In 2017, the Long Beach Public Library received the National Medal for Museum and Library Service, the nation’s highest honor for libraries, thanks in great part to the resources and services offered at the Main Library. The new Main Library will build off of this innovative and enriching environment with an upgraded makerspace Studio, 3D printing lab, Family Learning Center, Children’s Library, Teen Library, Veterans Resource Center, Center for Adaptive Technology, and many more resources for all library patrons to enjoy. Learn more about supporting these educational opportunities at LBPLfoundation.org/newmain.

While we will miss the current Main Library, we are excited for the next chapter and the amazing memories we will create in the new Main Library.

Be sure to visit the Main Library before it closes. View the Library’s hours at lbpl.org/locations/library_hours.asp.

Photos from the Long Beach Public Library:

The Main Library shortly after the building was completed in 1977.

The Main Library auditorium has held many events including weekly film screenings.

In 2015, the Main Library became the first public library in California to carry a Zine collection highlighting the voices of local writers and artists.

In 2012, with support from the Library Foundation, the Main Library opened the Studio, a makerspace learning lab where patrons of all ages can learn graphic design, 3D printing, robotics, coding, photography, and more.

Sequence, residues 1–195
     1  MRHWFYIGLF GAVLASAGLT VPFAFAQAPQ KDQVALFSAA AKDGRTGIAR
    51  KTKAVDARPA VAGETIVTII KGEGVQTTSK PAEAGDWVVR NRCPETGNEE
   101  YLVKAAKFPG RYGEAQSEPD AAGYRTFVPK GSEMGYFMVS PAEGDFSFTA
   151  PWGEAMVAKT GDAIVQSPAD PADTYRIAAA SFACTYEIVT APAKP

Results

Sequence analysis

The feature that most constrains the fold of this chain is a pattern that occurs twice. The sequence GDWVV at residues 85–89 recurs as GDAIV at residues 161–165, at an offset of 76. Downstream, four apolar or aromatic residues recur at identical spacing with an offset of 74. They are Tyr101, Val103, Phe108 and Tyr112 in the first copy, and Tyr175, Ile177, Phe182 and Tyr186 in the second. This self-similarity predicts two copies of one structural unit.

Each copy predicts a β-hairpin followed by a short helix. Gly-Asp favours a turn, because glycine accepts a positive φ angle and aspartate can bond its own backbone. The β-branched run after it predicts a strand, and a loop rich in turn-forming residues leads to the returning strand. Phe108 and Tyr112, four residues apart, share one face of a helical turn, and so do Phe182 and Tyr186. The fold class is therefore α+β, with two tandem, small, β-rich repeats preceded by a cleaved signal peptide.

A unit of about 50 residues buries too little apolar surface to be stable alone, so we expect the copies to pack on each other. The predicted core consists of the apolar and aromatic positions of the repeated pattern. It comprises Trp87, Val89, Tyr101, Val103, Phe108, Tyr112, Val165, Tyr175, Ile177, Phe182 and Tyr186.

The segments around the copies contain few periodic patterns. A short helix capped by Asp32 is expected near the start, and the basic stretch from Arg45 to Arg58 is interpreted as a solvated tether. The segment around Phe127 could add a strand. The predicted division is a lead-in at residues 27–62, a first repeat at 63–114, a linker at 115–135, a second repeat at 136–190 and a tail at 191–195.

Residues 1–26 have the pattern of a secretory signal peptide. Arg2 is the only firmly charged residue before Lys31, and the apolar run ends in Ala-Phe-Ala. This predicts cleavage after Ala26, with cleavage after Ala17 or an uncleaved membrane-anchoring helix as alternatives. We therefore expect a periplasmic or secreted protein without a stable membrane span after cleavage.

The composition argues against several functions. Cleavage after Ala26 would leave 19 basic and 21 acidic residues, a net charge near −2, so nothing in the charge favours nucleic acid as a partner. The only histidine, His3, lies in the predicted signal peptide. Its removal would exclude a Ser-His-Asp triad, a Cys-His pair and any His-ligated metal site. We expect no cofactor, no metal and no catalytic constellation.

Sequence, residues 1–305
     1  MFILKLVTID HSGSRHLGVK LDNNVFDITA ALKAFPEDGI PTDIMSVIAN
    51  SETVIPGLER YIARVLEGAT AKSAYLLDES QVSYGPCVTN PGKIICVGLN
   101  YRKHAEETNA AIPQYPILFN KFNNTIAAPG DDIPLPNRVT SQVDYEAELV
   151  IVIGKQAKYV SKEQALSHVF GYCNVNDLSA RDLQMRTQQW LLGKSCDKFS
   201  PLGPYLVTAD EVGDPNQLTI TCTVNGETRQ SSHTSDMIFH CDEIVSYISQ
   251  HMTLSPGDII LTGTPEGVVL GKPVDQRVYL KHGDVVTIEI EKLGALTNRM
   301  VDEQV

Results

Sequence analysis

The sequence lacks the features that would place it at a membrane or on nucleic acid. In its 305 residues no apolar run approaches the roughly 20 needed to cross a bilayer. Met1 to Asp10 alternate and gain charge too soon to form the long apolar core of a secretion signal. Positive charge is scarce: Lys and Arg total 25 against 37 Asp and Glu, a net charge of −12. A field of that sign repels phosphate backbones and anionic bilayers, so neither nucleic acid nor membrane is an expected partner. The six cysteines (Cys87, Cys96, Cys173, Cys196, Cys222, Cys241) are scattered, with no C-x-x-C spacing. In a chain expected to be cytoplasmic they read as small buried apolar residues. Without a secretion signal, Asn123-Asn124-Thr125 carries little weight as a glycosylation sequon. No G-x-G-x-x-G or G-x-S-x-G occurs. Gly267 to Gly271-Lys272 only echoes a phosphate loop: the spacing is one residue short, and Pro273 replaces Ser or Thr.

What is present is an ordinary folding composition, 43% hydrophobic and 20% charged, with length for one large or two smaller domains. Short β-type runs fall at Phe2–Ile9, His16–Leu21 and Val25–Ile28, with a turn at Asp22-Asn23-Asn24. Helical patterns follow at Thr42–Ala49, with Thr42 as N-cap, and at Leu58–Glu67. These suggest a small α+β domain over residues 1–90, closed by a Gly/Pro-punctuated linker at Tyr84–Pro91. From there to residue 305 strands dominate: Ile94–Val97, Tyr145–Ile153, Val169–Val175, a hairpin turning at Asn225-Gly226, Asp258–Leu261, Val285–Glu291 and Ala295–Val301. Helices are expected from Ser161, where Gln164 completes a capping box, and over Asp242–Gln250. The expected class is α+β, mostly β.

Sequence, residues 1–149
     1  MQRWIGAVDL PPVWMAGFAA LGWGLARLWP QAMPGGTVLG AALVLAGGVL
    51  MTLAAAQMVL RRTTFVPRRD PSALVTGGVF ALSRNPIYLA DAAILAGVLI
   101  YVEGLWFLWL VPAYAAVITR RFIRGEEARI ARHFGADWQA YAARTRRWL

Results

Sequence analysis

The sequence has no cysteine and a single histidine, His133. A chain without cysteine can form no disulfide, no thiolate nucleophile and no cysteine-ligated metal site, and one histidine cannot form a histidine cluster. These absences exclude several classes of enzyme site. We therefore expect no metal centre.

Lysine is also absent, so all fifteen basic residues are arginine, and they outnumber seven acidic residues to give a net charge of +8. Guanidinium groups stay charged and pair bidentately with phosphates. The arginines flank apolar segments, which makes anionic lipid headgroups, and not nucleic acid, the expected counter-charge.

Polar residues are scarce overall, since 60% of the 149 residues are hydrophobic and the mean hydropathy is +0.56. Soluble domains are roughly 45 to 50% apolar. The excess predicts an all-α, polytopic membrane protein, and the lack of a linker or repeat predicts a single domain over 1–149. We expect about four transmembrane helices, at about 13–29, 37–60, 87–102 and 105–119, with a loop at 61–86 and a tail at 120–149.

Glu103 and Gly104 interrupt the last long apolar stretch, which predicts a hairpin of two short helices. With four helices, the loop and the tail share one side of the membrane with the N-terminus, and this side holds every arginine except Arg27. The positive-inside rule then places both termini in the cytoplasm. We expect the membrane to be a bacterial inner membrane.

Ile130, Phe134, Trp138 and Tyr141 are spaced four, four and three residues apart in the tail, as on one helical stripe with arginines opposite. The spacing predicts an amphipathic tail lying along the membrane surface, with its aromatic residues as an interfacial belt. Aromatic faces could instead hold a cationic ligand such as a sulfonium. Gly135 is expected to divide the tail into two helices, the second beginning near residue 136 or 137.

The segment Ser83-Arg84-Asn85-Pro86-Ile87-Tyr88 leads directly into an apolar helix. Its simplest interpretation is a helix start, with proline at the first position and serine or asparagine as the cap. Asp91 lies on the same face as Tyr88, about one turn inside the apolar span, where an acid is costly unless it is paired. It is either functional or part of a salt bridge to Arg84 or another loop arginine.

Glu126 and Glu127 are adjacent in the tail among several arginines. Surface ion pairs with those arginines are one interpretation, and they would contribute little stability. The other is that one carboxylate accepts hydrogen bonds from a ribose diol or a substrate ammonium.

A Studio Guide holds a 3D printed prosthetic hand printed and programmed in the Main Library Studio.

The Miller Special Collections Room was made possible thanks to a generous gift in 1974 from Loraine Miller Collins in memory of her late husband, Earl Burns Miller. The room is modeled after a room in the Miller home and contains rare texts dating back to the 15th century, Chinese and Japanese art and ceramics, and American and European art and photographs. The Miller Special Collections Room has hosted several author and poetry readings through the years highlighting local writers and poets.

2017 Halloween parade at the Main Library.

A 2018 Cuentos y Cantos bilingual storytime event in the Main Library Storytime Theater.

On June 9, 2018, the Main Library opened the Veterans Resource Center with support from the California State Library’s Veterans Connect @ The Library project.

The new Main Library is currently being built in the Long Beach Civic Center and is projected to open in the summer of 2019.

 

Advocating for Literacy and Libraries

From left to right: Margaret Farwell Smith, Library Foundation VP of Public Affairs; Colleen Bentley, Library Foundation Public Affairs Committee member; Mayor Robert Garcia; and Sharon Weissman, Senior Advisor to Mayor Garcia and Library Foundation Board member at the 2016 Grape Expectations fundraiser.

Margaret Farwell Smith inherited her love of reading from her mother. As a physician, her mother led a busy life, but she enjoyed reading under the shade of a tree in her spare time. Growing up, Margaret loved books in school and college, but it wasn’t until she retired from her career in healthcare that she became a strong advocate for literacy and libraries.